Who We Are
Our Goals and Purposes
We support policies that put patient interests first and foremost. This focus on the patient will be critical as our health care system evolves over the next several years due to both funding constraints and the laudable effort to insure more of our citizens; make no mistake--meaningful access to quality care in America is largely determined by one's insurance status. Unfortunately, any changes to our health care system are occurring against a backdrop of severe financial difficulties. The Congressional Budget Office has reported that our budget deficit for 2012 was $1.1 trillion, the fourth year of trillion-dollar deficits. These annual deficits of nearly 10% of our nation's GDP shatter the post-World War II record of 6% set decades ago. Even before our current economic crisis, as our page Federal Realities, makes clear, federal spending on health care was already on an unsustainable course. Our current financial crisis has only worsened a severe preexisting structural problem, only temporarily improved by many provisions of the Affordable Care Act.
In addition, the states are facing a near perfect financial storm of their own. As our page, The States, demonstrates, almost all state governments are expecting large drops in revenues for the next few years and nearly all will reduce or have reduced their Medicaid spending in one form or another. Therefore, neither the federal government through our Medicare program, nor the states through their assorted Medicaid programs will be able to maintain access to care for their citizens, pay for all needed medical services, and continue to reimburse health care providers at current levels within our current system. Reform is inevitable and needed, and we maintain that physicians, due to their training, understanding of patient behavior, and intimate knowledge of the health care system are the group best positioned to lead reform efforts. Reforms by politicians who lack medical knowledge and often have agendas other than optimizing patient care may not lead to the best health care solutions for our country.
However, physicians will only be granted a leadership role in health care reform if we become, first and foremost, patient advocates. Therefore, it is unfortunate that as a response to this looming crisis in medical spending, both a few general medical societies and some specialty societies are responding by developing arguments that place physicians' concerns ahead of patient interests. As an example, how many times have we read that specialty physicians claim that they cannot currently afford to treat Medicare patients and will refuse to see them if reimbursement is reduced. This argument is seriously advanced despite the fact that even a cursory look at physicians' incomes reveals that we continue to enjoy quite high compensation levels--compensation levels that, as a matter of fact, far exceed the historical average for our profession.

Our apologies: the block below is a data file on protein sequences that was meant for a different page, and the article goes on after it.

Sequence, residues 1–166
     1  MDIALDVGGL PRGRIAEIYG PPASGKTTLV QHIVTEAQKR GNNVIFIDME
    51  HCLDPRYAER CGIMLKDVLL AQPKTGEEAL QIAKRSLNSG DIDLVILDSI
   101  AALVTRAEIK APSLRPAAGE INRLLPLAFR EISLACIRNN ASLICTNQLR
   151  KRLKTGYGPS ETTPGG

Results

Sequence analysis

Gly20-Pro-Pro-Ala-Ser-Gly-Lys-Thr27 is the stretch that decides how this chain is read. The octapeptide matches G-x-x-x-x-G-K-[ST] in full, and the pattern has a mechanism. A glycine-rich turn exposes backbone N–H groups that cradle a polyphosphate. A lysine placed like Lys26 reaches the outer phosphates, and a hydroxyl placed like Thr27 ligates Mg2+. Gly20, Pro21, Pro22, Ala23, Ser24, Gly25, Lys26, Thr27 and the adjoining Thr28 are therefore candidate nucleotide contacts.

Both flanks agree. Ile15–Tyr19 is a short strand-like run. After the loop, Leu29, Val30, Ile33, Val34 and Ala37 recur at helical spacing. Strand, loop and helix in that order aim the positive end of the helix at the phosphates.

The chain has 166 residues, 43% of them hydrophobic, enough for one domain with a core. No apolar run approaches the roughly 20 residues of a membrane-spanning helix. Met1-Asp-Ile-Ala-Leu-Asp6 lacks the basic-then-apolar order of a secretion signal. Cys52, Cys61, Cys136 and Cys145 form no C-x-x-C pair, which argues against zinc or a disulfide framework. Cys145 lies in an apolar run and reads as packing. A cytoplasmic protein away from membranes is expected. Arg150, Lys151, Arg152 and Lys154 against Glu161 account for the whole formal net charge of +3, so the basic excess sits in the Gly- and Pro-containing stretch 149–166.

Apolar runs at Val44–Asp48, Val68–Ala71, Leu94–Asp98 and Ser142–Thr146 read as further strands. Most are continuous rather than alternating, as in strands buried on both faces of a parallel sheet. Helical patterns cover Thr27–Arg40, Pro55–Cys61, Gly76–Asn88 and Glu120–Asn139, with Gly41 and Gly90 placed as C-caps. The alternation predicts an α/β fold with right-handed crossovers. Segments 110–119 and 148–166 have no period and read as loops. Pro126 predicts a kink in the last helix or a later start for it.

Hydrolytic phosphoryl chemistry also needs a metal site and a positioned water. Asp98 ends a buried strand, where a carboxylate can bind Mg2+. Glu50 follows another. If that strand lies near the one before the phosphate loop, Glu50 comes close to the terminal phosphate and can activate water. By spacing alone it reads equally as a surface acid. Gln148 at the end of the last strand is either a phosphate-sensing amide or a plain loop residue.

We, as a society, hope to achieve the following: we intend to educate our colleagues on the financial crisis confronting our health care system; we plan to push for reforms that improve quality of patient care and expand the practice of patient centered care; we intend to advocate always for the patient as health care financing changes in the coming years, and we plan to celebrate the many joys and rewards of being an orthopedist, one of the best jobs on earth.
Our Mandate as American Citizens
The conclusion to the 2009 Message to the Public from our Social Security and Medicare Trustees reads as follows:
" The financial difficulties facing Social Security and Medicare pose serious challenges. For Social Security, the reform options are relatively well understood but the choices are difficult. Medicare is a bigger challenge. Its cost growth can be contained without sacrificing quality of care only if health care cost growth more generally is contained. But despite the difficulties—indeed, because of the difficulties—it is essential that action be taken soon, particularly to control health care costs."